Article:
Soft power, subways, and cell phones – our favorite stories of this week.
What hinders the rise of Chinese culture? (The China Story)
As China continues to be a rising star on the world stage economically and politically, some Chinese are wondering when and how Chinese culture will have a commensurate level of influence in the world.
The 2008 Olympic Games in Beijing and China's robust economy that year, despite the global financial crisis, made many Chinese citizens immensely proud of their country. They felt that China had regained the admiration of the world and resumed its rightful place as a global superpower. But such feelings are often undercut by worries about the growing imbalance between China's international economic might and the perceived insignificance of Chinese culture on the world stage.
Professor Zheng Yongnian 郑永年, the mainland-born Director of the East Asian Institute at the National University of Singapore and a well-known political commentator on China, is one among many ethnic Chinese scholars (in and outside China) who have worried in print about China's relative lack of global cultural influence. In 2008, Zheng published an article titled 'What has hindered the rise of China's cultural soft power' 是 什么阻碍了中国文化软力量的崛起 in which he argued that excessive government control, leading to a massive cultural bureaucracy, was to blame for stymieing creativity in the People's Republic.
Riding Beijing's subway end to end: 88km of queues and crushes on a 20p ticket (September 10, 2014, The Guardian)
The Guardian's Tania Branigan goes underground in Beijing for a tour of the subway, with lots of photos and an interesting look back at the history of the system.
Beijing's metro system has already grown bigger than the London Underground – and by 2020 it will more than double in size again. Tania Branigan takes its longest journey to see how the city is coping with such staggering growth
Travelling Beijing's subway end to end, from the south-western dormitory suburb of Suzhuang to north-east Fengbo, where cranes loom over half-constructed blocks, takes five changes and almost three hours – but very little cash. The longest direct journey one can take on the subway here must also be one of the world's best public transport bargains: 88km – a highly auspicious number in China – for just 2 yuan (roughly 20 pence).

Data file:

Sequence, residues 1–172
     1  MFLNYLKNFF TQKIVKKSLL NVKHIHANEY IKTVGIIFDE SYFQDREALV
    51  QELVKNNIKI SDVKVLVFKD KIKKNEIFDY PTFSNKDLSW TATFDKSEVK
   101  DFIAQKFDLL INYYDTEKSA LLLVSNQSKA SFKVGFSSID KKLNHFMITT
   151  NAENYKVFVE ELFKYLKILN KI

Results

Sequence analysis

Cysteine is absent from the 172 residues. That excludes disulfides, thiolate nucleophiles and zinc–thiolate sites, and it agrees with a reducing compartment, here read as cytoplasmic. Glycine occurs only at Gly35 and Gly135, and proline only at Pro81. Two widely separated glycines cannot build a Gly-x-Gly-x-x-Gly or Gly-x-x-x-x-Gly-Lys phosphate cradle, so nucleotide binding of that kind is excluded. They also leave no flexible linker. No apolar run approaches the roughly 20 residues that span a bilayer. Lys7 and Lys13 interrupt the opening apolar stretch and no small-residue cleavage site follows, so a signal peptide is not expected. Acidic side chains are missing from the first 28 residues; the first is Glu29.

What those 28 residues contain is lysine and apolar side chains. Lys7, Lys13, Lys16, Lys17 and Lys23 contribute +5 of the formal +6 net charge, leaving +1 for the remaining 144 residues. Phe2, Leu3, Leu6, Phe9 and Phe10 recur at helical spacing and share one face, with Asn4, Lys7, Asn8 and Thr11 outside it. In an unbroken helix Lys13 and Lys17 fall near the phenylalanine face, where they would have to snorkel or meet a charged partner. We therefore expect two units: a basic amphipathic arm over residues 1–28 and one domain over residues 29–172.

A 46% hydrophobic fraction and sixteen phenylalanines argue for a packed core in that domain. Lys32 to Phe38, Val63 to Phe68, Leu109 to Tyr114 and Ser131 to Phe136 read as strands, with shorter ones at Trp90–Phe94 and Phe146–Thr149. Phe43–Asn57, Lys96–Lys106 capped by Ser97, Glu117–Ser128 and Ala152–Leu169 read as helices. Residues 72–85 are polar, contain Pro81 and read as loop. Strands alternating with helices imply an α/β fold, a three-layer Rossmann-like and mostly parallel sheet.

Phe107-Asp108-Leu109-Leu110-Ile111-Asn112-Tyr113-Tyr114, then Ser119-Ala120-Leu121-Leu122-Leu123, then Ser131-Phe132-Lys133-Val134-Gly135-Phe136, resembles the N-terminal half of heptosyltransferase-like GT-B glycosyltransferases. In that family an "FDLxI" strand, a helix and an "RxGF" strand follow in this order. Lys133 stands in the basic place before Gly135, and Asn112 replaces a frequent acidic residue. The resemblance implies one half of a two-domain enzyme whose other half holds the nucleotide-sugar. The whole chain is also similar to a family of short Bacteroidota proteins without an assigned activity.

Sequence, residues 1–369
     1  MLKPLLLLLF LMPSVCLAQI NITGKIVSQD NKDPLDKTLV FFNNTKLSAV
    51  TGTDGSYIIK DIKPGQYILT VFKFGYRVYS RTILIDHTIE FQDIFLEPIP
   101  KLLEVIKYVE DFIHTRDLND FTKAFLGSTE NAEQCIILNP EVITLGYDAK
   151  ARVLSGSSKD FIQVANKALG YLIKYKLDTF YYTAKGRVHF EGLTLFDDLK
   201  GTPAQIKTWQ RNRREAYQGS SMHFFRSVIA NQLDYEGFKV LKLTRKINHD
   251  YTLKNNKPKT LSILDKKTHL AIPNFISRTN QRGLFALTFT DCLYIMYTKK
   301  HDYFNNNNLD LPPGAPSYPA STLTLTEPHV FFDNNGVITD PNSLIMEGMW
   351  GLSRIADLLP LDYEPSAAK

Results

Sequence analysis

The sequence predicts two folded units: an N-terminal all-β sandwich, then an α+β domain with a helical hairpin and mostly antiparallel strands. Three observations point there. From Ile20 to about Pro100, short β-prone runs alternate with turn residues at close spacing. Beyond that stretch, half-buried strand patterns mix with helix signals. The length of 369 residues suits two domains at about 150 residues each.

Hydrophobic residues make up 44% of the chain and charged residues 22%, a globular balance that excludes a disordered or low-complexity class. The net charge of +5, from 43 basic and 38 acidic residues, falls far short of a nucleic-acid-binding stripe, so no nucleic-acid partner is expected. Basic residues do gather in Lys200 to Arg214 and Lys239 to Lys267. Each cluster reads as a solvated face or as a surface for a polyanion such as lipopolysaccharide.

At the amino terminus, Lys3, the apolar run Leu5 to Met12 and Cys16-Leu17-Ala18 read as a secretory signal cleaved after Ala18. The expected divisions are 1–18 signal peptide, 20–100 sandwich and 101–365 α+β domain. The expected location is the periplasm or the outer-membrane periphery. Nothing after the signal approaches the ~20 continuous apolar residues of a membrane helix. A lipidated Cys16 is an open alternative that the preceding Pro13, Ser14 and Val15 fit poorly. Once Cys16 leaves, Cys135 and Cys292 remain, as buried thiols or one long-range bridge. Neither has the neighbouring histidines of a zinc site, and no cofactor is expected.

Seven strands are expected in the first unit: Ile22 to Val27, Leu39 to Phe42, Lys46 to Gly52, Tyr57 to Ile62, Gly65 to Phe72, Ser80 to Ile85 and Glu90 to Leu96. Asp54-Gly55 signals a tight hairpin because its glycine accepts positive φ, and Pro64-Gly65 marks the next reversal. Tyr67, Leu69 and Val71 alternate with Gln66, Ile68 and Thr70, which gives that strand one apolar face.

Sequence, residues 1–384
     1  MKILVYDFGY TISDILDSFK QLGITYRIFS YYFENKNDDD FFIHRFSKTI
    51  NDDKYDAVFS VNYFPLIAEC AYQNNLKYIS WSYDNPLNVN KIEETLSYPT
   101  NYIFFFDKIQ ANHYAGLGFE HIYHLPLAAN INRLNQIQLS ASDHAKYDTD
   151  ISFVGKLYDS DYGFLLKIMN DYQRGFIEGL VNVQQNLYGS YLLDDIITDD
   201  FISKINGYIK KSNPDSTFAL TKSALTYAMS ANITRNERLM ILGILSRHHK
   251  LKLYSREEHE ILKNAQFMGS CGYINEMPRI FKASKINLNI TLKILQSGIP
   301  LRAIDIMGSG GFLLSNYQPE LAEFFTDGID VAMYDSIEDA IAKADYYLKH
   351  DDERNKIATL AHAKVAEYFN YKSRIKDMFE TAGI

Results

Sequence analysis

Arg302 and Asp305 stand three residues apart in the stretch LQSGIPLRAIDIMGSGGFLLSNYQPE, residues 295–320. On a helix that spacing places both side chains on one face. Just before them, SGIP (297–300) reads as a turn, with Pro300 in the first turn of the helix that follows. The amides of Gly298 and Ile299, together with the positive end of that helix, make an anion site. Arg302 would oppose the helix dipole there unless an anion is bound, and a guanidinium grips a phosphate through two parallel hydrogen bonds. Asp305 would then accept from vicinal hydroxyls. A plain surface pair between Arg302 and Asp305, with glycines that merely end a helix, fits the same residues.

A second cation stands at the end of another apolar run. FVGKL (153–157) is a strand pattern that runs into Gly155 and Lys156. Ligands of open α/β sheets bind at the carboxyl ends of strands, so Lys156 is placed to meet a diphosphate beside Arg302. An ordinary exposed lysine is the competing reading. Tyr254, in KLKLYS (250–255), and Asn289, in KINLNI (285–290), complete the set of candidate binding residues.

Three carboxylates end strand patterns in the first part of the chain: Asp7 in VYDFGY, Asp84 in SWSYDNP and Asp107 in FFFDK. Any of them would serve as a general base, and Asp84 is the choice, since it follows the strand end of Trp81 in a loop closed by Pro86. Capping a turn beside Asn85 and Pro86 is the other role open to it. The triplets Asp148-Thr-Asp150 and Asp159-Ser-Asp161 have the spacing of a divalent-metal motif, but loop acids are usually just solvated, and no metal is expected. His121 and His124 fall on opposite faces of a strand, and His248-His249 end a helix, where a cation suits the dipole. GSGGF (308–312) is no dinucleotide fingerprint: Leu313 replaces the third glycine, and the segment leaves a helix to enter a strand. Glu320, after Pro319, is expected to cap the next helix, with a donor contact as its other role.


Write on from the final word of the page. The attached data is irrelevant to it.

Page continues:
In the weekday morning rush, accountants, shop assistants and researchers stare wearily at phones and jostle for space. There are fidgeting children with weary parents, labourers on their first ever subway ride, and several large eels, curled into an empty oil bottle en route to their carrier's dinner table. It is late summer and the carriages are crammed, but air conditioning keeps it cool, blowing wafts of recently applied deodorant across the crowd.
Be sure to peruse the photos and video clips.
Worth a Kidney? New iPhones Get Mixed Reception in China (September 10, 2014, China Real Time)
Since this is Worldwide iPhone Mania Week, how could we not pick a story about the reaction to Apple's new iPhone among the Chinese.
Kidney references were legion on Wednesday, pointing to another potential stumbling block for the new iPhones in China: price. There are no prices listed on Apple's mainland China website yet, but the company's Hong Kong website lists the 16GB iPhone 6 at HK$5,588 ($721) and the 16GB iPhone 6 Plus at HK$6,388. That's more expensive than the comparable Samsung Galaxy S5, which typically sells for less than 4,000 yuan ($652) in China, and the iPhone-esque Mi 4 produced by China's Xiaomi, which goes for around 2,000 yuan.
"Here are three reasons I won't be buying the iPhone 6," read one popular post on Weibo, with a photo attached that repeated the Chinese character for "too poor" three times.
Other users complained that China was not on the list of countries that would receive initial shipments of the new devices.
The kidney references are to a story several years ago about of a boy who sold his kidney to purchase an iPhone.
Photo by Remko Tamis, via Flickr
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